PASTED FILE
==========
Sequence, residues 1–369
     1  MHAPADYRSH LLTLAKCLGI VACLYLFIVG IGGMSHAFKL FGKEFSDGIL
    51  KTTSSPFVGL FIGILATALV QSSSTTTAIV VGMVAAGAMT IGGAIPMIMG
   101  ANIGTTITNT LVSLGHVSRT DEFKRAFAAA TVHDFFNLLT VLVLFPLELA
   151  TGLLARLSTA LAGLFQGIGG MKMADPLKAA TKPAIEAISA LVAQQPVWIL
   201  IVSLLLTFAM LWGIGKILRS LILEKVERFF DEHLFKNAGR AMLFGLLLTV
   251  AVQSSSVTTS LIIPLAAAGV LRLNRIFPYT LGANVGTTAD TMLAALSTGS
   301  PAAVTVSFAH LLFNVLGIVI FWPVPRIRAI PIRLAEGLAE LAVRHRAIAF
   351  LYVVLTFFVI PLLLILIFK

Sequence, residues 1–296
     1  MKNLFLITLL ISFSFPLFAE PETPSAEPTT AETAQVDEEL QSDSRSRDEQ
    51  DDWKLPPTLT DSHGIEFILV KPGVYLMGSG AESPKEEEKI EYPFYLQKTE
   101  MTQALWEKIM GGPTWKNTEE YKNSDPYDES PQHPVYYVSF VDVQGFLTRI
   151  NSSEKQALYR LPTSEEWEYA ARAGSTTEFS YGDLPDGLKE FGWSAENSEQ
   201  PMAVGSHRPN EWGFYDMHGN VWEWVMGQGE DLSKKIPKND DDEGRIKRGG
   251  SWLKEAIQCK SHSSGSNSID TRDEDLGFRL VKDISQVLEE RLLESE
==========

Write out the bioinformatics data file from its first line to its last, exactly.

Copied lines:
Sequence, residues 1–369
     1  MHAPADYRSH LLTLAKCLGI VACLYLFIVG IGGMSHAFKL FGKEFSDGIL
    51  KTTSSPFVGL FIGILATALV QSSSTTTAIV VGMVAAGAMT IGGAIPMIMG
   101  ANIGTTITNT LVSLGHVSRT DEFKRAFAAA TVHDFFNLLT VLVLFPLELA
   151  TGLLARLSTA LAGLFQGIGG MKMADPLKAA TKPAIEAISA LVAQQPVWIL
   201  IVSLLLTFAM LWGIGKILRS LILEKVERFF DEHLFKNAGR AMLFGLLLTV
   251  AVQSSSVTTS LIIPLAAAGV LRLNRIFPYT LGANVGTTAD TMLAALSTGS
   301  PAAVTVSFAH LLFNVLGIVI FWPVPRIRAI PIRLAEGLAE LAVRHRAIAF
   351  LYVVLTFFVI PLLLILIFK

Sequence, residues 1–296
     1  MKNLFLITLL ISFSFPLFAE PETPSAEPTT AETAQVDEEL QSDSRSRDEQ
    51  DDWKLPPTLT DSHGIEFILV KPGVYLMGSG AESPKEEEKI EYPFYLQKTE
   101  MTQALWEKIM GGPTWKNTEE YKNSDPYDES PQHPVYYVSF VDVQGFLTRI
   151  NSSEKQALYR LPTSEEWEYA ARAGSTTEFS YGDLPDGLKE FGWSAENSEQ
   201  PMAVGSHRPN EWGFYDMHGN VWEWVMGQGE DLSKKIPKND DDEGRIKRGG
   251  SWLKEAIQCK SHSSGSNSID TRDEDLGFRL VKDISQVLEE RLLESE